Councilmember Nikki Lee has been working with the Tucson Police Department’s East Side team and the City Attorney’s Office to come up with ways to deal with illegal street racing.

They found a law passed by the Seattle City Council that allowed installation of speeding cameras at key intersections.

Proposition 205, passed by voters in 2015, allows photo radar to reduce speed-related traffic offenses by ticketing more of them.

Lee has been working on this independent of the rest of the Council and will present the item to her colleagues Tuesday, while Police Chief Chad Kasmar delivers his thoughts on the issue.

Help Wanted (maybe)

The Pima County Board of Supervisors will vote on a second recommendation about how to fill seats on an interim Vail Town Council if voters decide to incorporate the community in the election ending November. 7.

County Administrator Jan Lesher wanted to get going early, and start collecting applications last week and set a deadline for Friday. Supervisors would then appoint on November 21.

However, supervisors wanted to begin the process after the election. So the new plan is to open the application process Nov. 8, once an result is established (hehehehehehehe. C’mon, Arizona elections can take that long just to order a pizza for ballot tabulators).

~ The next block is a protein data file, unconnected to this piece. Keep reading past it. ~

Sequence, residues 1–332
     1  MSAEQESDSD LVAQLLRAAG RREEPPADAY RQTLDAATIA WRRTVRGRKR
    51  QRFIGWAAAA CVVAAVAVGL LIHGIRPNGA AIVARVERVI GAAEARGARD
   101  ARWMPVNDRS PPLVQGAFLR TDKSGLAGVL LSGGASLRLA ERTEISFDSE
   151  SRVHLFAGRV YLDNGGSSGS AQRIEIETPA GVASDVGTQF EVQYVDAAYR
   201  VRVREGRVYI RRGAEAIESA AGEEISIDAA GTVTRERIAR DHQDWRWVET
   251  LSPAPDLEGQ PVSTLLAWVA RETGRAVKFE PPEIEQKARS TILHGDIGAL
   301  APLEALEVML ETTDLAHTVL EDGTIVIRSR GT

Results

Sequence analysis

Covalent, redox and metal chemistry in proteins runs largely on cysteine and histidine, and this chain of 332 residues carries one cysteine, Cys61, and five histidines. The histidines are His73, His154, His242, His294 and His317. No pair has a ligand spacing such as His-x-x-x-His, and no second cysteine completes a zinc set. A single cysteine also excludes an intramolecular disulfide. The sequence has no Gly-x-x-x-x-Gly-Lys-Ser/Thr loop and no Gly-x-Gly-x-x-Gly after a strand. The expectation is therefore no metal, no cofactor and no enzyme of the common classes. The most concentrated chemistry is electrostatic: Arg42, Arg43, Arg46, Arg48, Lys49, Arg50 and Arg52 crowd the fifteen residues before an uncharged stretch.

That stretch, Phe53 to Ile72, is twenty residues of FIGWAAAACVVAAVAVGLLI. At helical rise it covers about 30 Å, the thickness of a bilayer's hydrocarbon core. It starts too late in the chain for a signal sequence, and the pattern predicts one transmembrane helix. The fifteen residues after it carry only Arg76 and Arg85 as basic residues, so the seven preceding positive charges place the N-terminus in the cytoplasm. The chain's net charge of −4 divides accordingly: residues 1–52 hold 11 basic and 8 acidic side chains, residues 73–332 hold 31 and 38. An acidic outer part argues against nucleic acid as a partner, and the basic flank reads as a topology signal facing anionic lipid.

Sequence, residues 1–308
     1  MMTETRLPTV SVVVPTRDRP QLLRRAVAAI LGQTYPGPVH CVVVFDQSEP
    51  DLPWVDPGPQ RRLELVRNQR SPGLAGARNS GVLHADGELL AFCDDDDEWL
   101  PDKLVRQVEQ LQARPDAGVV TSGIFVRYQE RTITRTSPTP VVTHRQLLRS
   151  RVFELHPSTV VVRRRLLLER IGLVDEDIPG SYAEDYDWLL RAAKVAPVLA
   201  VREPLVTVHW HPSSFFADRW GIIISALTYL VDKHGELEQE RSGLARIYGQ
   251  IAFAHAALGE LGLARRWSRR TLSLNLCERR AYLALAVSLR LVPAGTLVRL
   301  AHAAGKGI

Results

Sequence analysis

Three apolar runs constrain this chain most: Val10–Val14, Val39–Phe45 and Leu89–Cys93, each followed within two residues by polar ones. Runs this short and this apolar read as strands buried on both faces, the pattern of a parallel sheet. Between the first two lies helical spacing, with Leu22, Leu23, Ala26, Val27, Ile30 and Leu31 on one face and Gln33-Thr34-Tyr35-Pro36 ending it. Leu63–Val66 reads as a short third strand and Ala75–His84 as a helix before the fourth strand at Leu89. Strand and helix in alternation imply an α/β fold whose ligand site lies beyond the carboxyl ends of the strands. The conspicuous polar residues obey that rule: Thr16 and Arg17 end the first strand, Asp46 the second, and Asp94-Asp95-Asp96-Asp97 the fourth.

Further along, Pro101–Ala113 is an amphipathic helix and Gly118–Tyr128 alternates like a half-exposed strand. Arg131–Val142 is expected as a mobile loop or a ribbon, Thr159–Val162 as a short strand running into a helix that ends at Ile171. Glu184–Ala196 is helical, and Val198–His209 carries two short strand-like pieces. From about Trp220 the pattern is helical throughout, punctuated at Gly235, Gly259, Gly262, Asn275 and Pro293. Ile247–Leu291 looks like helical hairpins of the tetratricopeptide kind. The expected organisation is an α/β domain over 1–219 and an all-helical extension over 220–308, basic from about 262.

The deadline to apply would be November 13 (see above). Qualified council members would be at least 18 years old, be a registered voter, and live in the Vail’s new town boundaries for a year.

Supervisors will also vote on $5.8 million in contracts for behavioral health programs throughout the county.

The services include involuntary confinement and had always been intended to be three-year deals approved previously. However, a glitch in the system meant they were drawn up as one-year deals that require extension.